So I was flipping through a notebook, looking for something else, and I came across a scribble. Learning, as a writer, to get out of your own way/light was all it said. I can't remember what prompted me to say that, nor decide what exactly I must have meant. And then I was talking to an aspiring writer who's hit the ugly duckling stage, where their knowledge and skill in writing have gone up a step, but they have yet integrate that into their writing, so everything's awkward and self conscious, and in lots of ways the new writing seems worse than the old. And I suddenly remembered the story of the Wooden Duck Making Kit. Inside the box are a knife, some paints, a block of wood, and an instruction leaflet. The leaflet says, "Cut away everything which is not a duck".
Quite. In Just for the sake of it I was talking about Richard Sennett and the 10,000 hour rule for learning a craft. But this time I remembered Grayson Perry and Ian Bostridge, in the same conversation, talking about how self-consciousness creates physical tension, and how, whether you're a potter or a singer, that tension in your body affects how you work the clay, or the music. I often find myself thinking about learning to write in terms of learning to work wood. What the instruction to cut away everything which is not a duck embodies is the idea that in your mind the duck exists, and all it needs - all, hah! - is for that idea to guide your hand.
Yes, if you're trying to build a wardrobe you may need to learn some technical stuff about joints and glues and different woods, and practice combining them, and that's what we think of as craft: something to learn. But sometimes its helps to reverse that notion of craft as something we acquire. Instead, you could say that how ducky that duck turns out is conditioned by how much your hands can get out of the way. There's a mind's-eye view of the duck you want, and turning that into something physically real is as much about what your hands don't do: about relaxation, flexibility, responsiveness. In An Actor Prepares Stanislavski talks a good deal about how an actor must be physically fit in body and voice in the true sense: not so much strong to do spectacular things on stage, as fit - ready - for whatever the inner life part demands, so that every scrap of that inner life can show, without the body's tensions getting in the way.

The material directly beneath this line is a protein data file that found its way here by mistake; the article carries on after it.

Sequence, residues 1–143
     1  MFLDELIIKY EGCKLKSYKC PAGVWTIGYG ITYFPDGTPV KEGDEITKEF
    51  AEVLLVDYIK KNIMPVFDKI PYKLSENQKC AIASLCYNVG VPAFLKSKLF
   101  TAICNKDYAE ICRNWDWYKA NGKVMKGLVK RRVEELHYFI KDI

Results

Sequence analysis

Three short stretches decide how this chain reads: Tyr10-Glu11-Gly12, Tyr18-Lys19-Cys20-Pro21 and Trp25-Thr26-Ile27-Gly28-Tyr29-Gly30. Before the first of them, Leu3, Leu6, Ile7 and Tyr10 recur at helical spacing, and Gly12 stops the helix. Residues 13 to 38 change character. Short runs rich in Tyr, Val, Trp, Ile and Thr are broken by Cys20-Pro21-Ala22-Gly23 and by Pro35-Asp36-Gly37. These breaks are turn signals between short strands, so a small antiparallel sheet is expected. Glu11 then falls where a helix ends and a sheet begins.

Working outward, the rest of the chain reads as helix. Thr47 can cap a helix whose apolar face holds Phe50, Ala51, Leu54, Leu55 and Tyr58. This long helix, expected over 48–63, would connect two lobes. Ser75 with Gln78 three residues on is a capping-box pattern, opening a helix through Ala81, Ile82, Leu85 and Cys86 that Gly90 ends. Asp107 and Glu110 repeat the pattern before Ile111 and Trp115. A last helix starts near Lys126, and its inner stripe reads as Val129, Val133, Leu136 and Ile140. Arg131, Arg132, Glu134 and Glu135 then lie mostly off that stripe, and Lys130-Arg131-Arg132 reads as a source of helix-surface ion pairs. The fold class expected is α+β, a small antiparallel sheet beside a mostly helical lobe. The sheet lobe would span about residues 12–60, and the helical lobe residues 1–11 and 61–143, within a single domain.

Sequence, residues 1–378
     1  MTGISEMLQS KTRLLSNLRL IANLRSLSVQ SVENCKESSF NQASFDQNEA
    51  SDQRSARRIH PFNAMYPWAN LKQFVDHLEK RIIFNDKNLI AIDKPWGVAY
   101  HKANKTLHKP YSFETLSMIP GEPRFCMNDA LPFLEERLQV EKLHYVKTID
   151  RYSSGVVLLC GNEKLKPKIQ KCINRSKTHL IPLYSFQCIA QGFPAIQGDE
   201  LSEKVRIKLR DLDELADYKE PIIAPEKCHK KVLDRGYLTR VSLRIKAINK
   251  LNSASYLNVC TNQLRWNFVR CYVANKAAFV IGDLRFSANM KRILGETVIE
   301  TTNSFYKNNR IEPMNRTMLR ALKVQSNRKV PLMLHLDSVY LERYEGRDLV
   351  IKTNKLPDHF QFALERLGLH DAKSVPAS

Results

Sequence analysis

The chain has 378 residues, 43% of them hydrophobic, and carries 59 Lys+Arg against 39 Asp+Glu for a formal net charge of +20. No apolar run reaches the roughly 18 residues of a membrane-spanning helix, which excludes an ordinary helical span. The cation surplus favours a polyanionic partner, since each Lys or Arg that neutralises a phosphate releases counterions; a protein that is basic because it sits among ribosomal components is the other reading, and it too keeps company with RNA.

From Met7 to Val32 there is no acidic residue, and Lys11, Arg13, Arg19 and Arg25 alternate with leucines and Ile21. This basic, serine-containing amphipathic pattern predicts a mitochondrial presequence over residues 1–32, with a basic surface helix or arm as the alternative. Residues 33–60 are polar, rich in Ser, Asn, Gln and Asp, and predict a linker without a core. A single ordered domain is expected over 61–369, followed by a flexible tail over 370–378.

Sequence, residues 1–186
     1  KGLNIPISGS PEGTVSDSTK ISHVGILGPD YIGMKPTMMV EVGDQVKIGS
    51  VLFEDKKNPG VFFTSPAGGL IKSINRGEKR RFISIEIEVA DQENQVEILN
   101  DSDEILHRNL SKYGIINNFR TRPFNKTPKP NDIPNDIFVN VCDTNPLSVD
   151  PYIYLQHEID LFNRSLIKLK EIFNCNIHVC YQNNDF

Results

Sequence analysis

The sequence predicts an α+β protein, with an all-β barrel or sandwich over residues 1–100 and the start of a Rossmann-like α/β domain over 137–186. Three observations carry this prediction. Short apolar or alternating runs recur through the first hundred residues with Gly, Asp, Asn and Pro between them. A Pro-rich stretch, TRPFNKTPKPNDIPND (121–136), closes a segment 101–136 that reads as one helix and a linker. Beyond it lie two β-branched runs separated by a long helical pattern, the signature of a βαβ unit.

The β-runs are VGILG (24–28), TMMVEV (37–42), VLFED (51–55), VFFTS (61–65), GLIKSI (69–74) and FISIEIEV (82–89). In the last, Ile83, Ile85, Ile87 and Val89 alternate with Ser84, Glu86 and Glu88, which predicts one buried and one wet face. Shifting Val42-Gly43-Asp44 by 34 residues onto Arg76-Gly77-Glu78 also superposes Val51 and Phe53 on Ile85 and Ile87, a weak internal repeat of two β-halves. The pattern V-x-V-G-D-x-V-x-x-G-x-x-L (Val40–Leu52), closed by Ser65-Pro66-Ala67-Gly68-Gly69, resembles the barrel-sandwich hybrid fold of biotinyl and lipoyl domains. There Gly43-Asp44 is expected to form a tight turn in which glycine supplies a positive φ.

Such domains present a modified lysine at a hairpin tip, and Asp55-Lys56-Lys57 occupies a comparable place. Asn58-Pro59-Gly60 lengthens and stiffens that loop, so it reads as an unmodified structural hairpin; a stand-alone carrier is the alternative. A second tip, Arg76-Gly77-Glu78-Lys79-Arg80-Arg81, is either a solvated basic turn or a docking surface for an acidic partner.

We can train ourselves as other artists do, though it's news to many aspiring writers that they might write a story purely as an exercise. We do indeed have our equivalents of pliés, five-finger exercises, sketchbooks, yoga, arpeggios, the maaah-maaah-maaah, moo-moo-moo that drifts from the open dressing room windows of every theatre in the West End. But in the end you can only learn to carve a duck by carving a duck. You find out the basic moves of knife on wood, and you carve another one. And another one. And they won't be good, as the world sees it. But as your hands work, they learn: mind, eye, hand, eye, hand, mind. And the result of that learning-by-doing, that parade of wonky ducks on your window-sill, is that the gap, the separation, between mind and hand gets less and less: you get out of your own way. As Grayson Perry says "I am the tip of the knife".